I live in Middletown,RI

Where I live, I have never had to dig up my bulbs,(gladilous,tulips,cana,daffodils,columbine, etc;). All I do is put the Fall leaves on my flower beds before the 1st frost. Hope this helps you. Happy Gardening!

When to plant in ZONE 7

I live in Oklahoma and am planting a few gladiolus as well as a few other things for the first time this season, and I am not quite sure when exactly I should plant them? I know they say last frost, but that's sometimes hard to determine here.

You can plant the glads now.

You can plant the glads now. See our frost chart at with last spring frost dates shown for Oklahoma.

Corms too old?

I bought corms last November and I would like to plant them this coming April. Thing is is that they were on clearance from last summer - would it be okay to plant them after they've never been in soil for this long? How long can the corms last without being planted? I kept them cool & dry all winter. Thanks!

As long as the corms are dry

As long as the corms are dry and there is no visible rot they are fine.

Planting gladiolus!

So Im planting gladiolus this spring :) been wanting to for awhile. Just wondering if I should lift the bulbs in winter? I live in paso robles, California, zone 8 :)

You can leave the bulbs in

You can leave the bulbs in the ground. It's recommended to lift the bulbs in the fall in zones 7 and lower.

wild gladiolus

I saw one blooming in the woods next to me, went over and pulled up a bunch of bulbs and planted them in my yard. Now a couple years later they pop up everywhere in my yard. Is there any reasoning to this? Also why do some bloom and others don't? Thanks
from North Florida (most southernmost part) zone 9a

The corms multiply by

The corms multiply by producing new corms on the top of the mother corm. You can dig them up in the fall and replant them where you want them to grow. The ones that don't bloom are probably the newer smaller corms.

I live in Fresno, CA and have

I live in Fresno, CA and have left my bulbs in the ground for the last three years. I noticed there is a lot of leafy (almost looks like tall grass) growing around the plant. When I dug it up to see what it was it looked liked little mini corms. What do I do with this? and will they grow to be full size gladiola plants?

They are mini corms and will

They are mini corms and will grow into big corms. Leave them where they are or you can transplant them.



cold corms

What's the weather forecast now??
With that in mind, if more cold days are likely, or worse, frost, you should probably just leave the foliage alone until all threat of cold weather has passed.
Glad corms should be lifted before cold weather sets in. Since you did not do that, consider whether or not they are deep enough in the ground to avoid the effects of any surface frost. If so, they may survive. Lifting them now may not make any difference.
We hope this helps.

Indoor Gladiolus Help!

My daughter brought home a bulb from school. I planted it in a pot 11 1/2 inches in diameter. She had no idea what the bulb was. The only place I could put the pot was next to the heater. I usually keep the house at around 64 degrees. Now the gladiolus is about 1 1/2 feet tall! Is the placement of the flower in an adequate area? If so how moist do I keep the soil? How often do I water it? I don't want to disappoint my daughter by having the flower die. Please help. I don't have a green thumb and plants often die on me for some reason.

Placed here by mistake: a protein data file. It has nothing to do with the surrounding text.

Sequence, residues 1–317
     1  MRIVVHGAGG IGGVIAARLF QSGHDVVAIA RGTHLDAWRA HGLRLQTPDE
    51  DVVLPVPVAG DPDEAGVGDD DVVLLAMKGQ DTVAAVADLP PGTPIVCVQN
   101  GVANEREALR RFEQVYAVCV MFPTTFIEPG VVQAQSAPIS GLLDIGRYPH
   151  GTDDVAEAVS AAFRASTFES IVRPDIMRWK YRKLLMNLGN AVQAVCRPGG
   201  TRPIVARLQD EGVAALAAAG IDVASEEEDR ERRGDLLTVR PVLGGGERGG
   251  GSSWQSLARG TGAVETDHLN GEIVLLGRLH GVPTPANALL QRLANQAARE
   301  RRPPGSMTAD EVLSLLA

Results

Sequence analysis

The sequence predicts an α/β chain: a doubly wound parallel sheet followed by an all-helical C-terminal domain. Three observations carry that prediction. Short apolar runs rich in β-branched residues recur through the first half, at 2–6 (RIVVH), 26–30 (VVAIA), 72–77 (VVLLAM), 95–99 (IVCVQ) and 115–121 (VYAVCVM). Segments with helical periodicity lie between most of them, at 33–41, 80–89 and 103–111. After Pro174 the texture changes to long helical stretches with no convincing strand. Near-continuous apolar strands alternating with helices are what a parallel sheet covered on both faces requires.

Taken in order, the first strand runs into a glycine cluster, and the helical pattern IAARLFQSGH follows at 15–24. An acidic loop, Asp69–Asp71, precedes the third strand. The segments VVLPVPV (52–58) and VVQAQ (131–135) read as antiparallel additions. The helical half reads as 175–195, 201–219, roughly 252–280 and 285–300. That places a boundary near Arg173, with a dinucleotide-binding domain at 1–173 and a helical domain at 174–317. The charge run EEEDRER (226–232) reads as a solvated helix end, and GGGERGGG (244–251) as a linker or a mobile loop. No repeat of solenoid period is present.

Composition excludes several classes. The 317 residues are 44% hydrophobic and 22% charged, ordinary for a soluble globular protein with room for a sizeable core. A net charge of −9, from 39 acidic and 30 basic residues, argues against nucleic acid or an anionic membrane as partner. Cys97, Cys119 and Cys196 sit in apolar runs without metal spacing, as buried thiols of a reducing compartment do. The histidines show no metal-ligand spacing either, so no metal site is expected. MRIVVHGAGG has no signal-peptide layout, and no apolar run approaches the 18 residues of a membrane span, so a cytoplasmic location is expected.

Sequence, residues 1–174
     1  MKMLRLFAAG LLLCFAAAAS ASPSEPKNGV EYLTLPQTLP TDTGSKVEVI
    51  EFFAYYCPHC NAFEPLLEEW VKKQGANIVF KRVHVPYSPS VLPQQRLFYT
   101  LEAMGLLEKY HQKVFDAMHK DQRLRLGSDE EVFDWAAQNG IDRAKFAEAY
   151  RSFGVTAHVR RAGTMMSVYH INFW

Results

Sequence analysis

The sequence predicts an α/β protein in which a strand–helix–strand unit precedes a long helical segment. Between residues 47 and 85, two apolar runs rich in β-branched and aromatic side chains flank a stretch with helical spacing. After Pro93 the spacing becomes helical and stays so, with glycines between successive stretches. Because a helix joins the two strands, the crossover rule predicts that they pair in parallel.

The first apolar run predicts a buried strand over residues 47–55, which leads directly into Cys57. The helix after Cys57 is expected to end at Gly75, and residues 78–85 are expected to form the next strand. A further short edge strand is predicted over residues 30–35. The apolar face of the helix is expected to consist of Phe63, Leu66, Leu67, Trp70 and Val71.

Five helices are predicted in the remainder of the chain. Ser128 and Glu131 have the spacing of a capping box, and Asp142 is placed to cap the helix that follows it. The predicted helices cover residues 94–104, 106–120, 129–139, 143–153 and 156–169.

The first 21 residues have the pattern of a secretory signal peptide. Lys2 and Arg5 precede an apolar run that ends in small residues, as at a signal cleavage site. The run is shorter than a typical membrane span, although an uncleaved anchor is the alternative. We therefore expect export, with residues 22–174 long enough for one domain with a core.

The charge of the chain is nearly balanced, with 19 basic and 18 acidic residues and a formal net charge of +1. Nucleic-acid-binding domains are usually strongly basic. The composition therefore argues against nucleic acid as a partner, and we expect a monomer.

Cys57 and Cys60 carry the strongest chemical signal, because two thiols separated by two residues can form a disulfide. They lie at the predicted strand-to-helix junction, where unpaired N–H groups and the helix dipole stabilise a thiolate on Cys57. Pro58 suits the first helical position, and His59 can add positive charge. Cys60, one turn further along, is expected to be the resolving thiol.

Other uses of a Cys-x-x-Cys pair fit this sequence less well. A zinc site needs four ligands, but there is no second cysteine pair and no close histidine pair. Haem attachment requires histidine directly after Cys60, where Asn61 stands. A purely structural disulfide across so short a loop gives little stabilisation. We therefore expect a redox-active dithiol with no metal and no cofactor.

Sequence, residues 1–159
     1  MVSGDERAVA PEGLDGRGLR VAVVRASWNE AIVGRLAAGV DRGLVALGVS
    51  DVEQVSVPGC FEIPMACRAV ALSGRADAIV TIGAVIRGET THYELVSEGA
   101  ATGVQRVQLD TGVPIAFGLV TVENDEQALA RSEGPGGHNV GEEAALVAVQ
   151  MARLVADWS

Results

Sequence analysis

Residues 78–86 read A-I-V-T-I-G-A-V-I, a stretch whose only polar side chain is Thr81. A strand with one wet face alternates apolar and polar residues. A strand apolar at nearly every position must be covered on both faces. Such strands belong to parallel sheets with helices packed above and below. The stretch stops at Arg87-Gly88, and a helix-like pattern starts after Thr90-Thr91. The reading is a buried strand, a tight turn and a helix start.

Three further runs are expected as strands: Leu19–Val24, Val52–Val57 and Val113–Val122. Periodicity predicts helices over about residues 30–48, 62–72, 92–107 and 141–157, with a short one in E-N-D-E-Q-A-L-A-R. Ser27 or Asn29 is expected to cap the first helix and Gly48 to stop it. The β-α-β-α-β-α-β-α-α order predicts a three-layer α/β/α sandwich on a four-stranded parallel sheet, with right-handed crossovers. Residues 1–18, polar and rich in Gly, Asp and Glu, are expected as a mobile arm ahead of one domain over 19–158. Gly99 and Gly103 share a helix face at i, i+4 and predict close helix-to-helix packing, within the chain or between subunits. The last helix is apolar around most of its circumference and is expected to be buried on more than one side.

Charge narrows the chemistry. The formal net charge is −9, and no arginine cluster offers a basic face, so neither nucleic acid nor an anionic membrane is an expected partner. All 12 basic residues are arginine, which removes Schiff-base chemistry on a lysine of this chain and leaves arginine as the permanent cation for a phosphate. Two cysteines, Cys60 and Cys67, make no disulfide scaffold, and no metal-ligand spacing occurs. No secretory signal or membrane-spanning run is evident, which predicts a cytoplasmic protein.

Your plant will need lots of

Your plant will need lots of sunshine and moist soil. Do not over water it, as this will drown the plant.


I live in Zone 8-9 in Folsom, CA. Can I plant Gladadiolus every 30 days beginning now? Can I store them in my garage until March, 2013 without causing them to rot or become too dry? Any advice? Thanks! Al Figone

Wait to plant in March. Then

Wait to plant in March. Then plant the bulbs every 2 weeks to get a longer flowering period.
Store the bulbs in a box or paper bag with sawdust. They should be fine in your garage if it doesn't get really cold in there.

mold on corms

A successful gardener gave me some of her corms after digging. They have some mold on them, but no soft spots. Maybe she put them in a plastic bag before they has dried much after being dug? Are they worth storing and planting next spring?

Gently brush off the mold and

Gently brush off the mold and wrap the individual corms in newspaper. Store them in mesh bags in a well–ventilated room or put them in a paper bag and store them in a dry cool place. Check the corms a few times during the winter months and remove any that are soft.


I just moved to WA state from CA, and have 3 acres of gardens, trees and lawns. I know nothing about gardening, and I want to keep these gardens alive. I have Glads, Hydrangeas, fruit trees and more. How can I learn to take care of these gardens?

Sounds exciting, though a tad

Sounds exciting, though a tad overwhelming! If you look at our Gardening center, you'll find plant pages on glads, hydrangeas fruit tree, and more. See: That might be a good place to start. You can also visit your county's cooperative extension office as they offer free local information and can be a great help. For your office, see: